3/3/15: Ngoc Hoi (Plei Can), Vietnam to Attapeu, Laos

So, the plan today is to get into Laos. We only have three days left on our visa, so we’re really hoping the plan works.

Once again, the border crossing we’ve chosen is pretty much in the middle of nowhere, especially on the Laos side, where there’s 50km of national park before you hit anything remotely resembling civilisation. Our research has uncovered little in the way of people cycling this stretch, and to cycle right through to Attapeu (120km west) looks very ambitious indeed, especially given the remoteness and hilly terrain in the national park.

So instead, we opt for transport. We’re ready and waiting, as instructed, at 8am, for the ‘minibus’ to turn up. Instead of an official minibus, which would have costed 400,000 VND, we are getting on a Ford Transit van doing a border crossing run to take supplies of petrol, liquid gas and other goods into Laos.

When we climb in and get moving, at about 9.45am (the driver clearly operates on Laos time) we have the van to ourselves, but we feel sure it won’t last. We’re right… by the time we finally leave Ngoc Hoi there are no less than 17 people crammed into the front three rows of seats (the rest of the space taken up by cargo), including five guys squeezed into the driver’s seating area alone! It’s a minor miracle the van even moves, but move it does, all the way to the border.

Crossing into Laos is just fine. We have to pay our visa fee (35 US dollars each) all over again, and a small ‘tourist’ fee of about 12,000 Kip, which seems cheeky, but what can you do? It takes about 15 minutes, and thankfully our 15 travelling companions wait for us patiently.

We then bump our way through the national park to the sound of Vietpop (with some distinctly Pet Shop Boys and Abba influences) blaring out, as the driver chain smokes and chucks his fag ends into the tinder-dry forest. He has an unnerving habit of taking blind corners on the wrong side of the road, but thankfully we don’t meet any of the huge timber-carrying juggernauts coming the other way. It’s sad to see all the timber waiting at the border to cross into Vietnam; you can only hope Laos’ forests are being well managed and corruption/lure of the dollar isn’t getting the better of those in charge of protecting it.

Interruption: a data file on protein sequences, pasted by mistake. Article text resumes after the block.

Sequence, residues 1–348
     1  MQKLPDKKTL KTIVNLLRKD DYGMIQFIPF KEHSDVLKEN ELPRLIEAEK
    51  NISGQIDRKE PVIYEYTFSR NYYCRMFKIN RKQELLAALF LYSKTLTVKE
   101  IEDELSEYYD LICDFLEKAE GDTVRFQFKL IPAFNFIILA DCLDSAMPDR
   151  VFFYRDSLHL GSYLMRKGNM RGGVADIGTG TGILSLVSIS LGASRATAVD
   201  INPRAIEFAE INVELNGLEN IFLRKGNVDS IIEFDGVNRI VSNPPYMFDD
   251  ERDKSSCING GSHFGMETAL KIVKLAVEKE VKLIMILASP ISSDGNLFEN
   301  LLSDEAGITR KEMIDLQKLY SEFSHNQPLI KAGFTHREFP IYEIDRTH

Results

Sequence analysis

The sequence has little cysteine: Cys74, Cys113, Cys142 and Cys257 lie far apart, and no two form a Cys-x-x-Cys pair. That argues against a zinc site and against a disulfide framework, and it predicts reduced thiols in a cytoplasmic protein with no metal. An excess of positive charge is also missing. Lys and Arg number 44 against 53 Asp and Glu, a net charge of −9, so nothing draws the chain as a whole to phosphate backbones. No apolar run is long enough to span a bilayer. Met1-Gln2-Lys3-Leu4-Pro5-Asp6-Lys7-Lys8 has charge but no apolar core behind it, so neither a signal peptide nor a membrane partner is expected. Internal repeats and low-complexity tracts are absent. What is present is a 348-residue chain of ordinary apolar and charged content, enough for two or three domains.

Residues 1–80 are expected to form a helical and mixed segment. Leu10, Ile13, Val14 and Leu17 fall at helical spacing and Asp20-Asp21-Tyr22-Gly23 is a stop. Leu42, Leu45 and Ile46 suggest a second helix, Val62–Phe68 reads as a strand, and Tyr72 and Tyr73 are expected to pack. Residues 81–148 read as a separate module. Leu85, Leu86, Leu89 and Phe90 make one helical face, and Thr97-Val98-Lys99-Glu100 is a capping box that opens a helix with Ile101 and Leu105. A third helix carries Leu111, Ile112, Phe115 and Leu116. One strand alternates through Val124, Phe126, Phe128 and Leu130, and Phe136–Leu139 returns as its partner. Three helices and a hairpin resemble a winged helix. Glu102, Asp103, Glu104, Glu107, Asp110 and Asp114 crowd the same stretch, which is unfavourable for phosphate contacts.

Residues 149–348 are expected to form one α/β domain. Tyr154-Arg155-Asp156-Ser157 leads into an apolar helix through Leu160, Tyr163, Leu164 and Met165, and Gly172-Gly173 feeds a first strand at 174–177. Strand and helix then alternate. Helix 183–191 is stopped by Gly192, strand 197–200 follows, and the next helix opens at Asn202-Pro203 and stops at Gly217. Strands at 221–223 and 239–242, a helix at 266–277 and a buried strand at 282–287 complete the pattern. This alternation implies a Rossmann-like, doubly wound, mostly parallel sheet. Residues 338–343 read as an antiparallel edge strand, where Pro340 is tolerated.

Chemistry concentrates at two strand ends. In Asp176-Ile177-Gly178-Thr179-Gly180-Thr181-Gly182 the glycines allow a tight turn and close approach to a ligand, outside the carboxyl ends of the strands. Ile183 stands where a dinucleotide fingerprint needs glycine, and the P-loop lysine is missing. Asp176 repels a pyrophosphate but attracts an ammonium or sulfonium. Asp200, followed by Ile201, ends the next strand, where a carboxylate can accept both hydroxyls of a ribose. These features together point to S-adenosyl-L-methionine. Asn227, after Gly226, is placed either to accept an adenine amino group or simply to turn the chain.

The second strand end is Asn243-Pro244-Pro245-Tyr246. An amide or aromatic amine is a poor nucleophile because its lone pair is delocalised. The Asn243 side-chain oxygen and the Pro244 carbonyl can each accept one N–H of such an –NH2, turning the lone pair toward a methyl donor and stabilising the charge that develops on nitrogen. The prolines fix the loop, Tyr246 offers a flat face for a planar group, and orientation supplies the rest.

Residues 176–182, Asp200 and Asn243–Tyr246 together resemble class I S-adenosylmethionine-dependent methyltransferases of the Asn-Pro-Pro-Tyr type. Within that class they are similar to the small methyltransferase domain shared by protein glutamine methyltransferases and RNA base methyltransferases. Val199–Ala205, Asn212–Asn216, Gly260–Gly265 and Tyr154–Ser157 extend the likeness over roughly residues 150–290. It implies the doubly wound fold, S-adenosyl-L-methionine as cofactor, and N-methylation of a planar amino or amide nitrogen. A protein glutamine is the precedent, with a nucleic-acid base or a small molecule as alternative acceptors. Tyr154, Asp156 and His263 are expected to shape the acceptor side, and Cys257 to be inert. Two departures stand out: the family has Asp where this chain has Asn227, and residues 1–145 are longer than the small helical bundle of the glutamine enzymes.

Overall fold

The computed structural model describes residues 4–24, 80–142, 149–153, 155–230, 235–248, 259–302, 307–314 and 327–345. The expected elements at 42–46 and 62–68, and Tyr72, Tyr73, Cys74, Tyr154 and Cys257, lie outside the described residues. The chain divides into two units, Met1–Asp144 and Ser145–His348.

At the edge of the protected area, maybe 50km into Laos, there’s a small frontier settlement, not marked on any maps. If you’re thinking of cycling this way, there is a small guesthouse here (and another, about 20km further on towards Attapeu), and there are also a couple of small food shops inside the protected area itself.

This is where all the Vietnamese guys get off. We assume they must be in the logging business. The van then parks up and the driver signals for us to get out and wait in a shaded area with some mats to sit on. This we obediantly do, while the van then drives into a nearby courtyard, and a gate is shut and locked behind it. We then wait, and wait, and wait a bit more while bemused locals gawp at us, although to be fair, they’re all friendly. After around two hours, the van emerges, with most of its old cargo now gone and replaced with new cargo to take back to Vietnam.  After a quick lunch in a small Vietnamese style eat shop (rice with food on top), we’re finally on our way again.

Without his heavy load of passengers and petrol, the driver puts his foot down, and we bomb along the mostly empty roads. It’s hard to know what speed we’re going at, but it definitely feels too fast given the likelihood of cows, dogs and other animals wandering onto the road. The van then stops again in a small place we assume to be Attapeu but, according to our GPS and maps.me app, we’re still 13km away. It turns out this is as far as the van is going, and we have to cycle the rest. We’re hardly surprised (welcome back to Laos!) and, given the dangerous speed he was going at, we’re kind of relieved to be able to cycle the last bit. It’s dead flat and only takes us around half an hour, meaning we finally role into Attapeu at about 4pm – just a little bit later than expected!